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What to do to Stop Leg Cramps


By Dr. David Clarke, MD

The earth is flat. The sun revolves around the earth. Muscle cramps are caused by fluid and electrolyte depletion.

What used to be accepted as a fact, when challenged and scrutinized, we now know to be false. Even a first-grader knows the earth is round, and it revolves around the sun. But a surprising number of people – even physicians and athletic trainers – still believe the causes of exercise-associated muscle cramps are fluid and electrolyte depletion. Research over the last two decades has consistently demonstrated that this is not the case. Yet it’s only in the last several years that some athletes and trainers are beginning to reach for newer products that address the real cause of muscle cramps.

To understand this new science requires a very brief trip back into the classroom. Even before the real cause of muscle cramps was understood, a number of studies were done which clearly cast doubt on the fluid and electrolyte disturbance theory. Specifically, athletes were given blood tests before and after extreme exercise. According to the researchers’ findings, there was no difference in the levels of dehydration or electrolytes between athletes who developed cramps and those who did not. What, then, does cause cramps?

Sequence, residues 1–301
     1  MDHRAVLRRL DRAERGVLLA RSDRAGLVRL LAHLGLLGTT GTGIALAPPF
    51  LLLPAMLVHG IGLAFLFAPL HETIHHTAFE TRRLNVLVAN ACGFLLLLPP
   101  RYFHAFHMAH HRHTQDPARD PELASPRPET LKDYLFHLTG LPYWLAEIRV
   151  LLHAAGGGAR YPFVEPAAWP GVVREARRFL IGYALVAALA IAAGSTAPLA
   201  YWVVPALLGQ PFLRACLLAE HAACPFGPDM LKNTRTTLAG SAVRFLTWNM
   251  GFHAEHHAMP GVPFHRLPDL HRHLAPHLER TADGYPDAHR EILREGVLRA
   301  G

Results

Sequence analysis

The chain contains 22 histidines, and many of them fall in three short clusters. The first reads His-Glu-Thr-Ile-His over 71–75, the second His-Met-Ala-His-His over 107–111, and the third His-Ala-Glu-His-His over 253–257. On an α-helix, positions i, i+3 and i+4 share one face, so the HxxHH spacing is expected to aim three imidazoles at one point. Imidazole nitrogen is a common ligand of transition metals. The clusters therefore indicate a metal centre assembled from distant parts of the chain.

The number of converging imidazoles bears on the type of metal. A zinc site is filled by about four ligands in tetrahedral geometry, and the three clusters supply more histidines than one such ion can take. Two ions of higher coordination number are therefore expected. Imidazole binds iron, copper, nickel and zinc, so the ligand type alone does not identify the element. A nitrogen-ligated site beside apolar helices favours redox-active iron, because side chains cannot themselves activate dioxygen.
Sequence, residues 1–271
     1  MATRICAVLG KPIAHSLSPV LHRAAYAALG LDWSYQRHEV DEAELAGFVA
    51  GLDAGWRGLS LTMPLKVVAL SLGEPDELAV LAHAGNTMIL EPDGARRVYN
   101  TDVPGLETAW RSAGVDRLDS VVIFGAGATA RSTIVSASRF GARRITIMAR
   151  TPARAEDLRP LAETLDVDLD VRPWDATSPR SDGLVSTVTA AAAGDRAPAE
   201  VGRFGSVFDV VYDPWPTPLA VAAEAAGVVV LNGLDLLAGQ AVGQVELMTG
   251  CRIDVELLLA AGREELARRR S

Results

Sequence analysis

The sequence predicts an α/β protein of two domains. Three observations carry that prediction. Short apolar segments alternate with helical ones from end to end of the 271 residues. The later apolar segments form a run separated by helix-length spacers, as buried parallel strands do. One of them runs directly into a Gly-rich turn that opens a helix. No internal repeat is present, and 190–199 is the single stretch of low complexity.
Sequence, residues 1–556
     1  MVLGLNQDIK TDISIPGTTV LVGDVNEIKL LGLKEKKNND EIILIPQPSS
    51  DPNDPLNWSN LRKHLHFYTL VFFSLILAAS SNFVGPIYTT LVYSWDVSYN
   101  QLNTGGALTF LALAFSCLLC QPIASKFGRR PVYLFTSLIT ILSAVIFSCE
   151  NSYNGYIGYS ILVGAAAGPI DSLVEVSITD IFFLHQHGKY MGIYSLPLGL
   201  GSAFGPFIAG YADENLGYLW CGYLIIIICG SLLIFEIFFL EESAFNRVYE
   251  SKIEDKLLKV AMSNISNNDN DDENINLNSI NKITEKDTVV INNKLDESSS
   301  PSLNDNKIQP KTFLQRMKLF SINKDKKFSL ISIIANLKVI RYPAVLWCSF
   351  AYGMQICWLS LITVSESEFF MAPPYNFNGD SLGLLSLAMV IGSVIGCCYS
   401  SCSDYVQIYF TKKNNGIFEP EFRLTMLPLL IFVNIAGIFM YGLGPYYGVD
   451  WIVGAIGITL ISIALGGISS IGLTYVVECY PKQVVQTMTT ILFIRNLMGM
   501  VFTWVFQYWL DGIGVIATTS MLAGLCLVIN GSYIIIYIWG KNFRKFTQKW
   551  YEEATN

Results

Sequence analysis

Sudden, high workloads, extreme heat, and a variety of other factors will cause a muscle or tendon to stress. When that muscle or tendon is stressed it sends a signal to the spinal cord, resulting in a sudden, rapid output of electrical activity from the spinal cord to the stressed muscle. That surge of electrical activity is what causes the muscle to cramp. How do you stop a cramp? Simply put, you block the sudden outpouring of electrical activity. New evidence points to sensory receptors in the mouth (and stomach), which, when stimulated by certain substances, will block this electrical surge from the spinal cord. This response to the receptor stimulation is so fast that it can only be attributed to a neurological event.

One of the leading products that applies this newer research, CrampsAWAY, has as one of its promises that it relieves cramps under a minute. Sports beverages, on the other hand, don’t even begin to enter the blood-stream until 4-5 minutes after ingestion. At match-point, it’s pretty clear which product most athletes would rather have in their bag.

So…what’s the best way to use all of the available science so your game is never hindered by muscle cramps? First, train for how you play: Untrained muscles are more likely to cramp; if you’re going to go out and play a three-set tennis match in the heat, you’ll need to train for that level of exertion. Second, stretch regularly: Flexible, frequently stretched muscles cramp less. Third, hydrate: Dehydration leads to muscle stress; the more the muscles are stressed, the more likely they are to cramp. And fourth, and most importantly, take advantage of new products, like CrampsAWAY. Take them before you play if conditions (such as longer, more stressful matches or practices) dictate, and take them when you feel a cramp coming on, or as soon as you have a cramp. Given today’s scientific landscape, there’s no reason for your next match (or the earth) to be flat.

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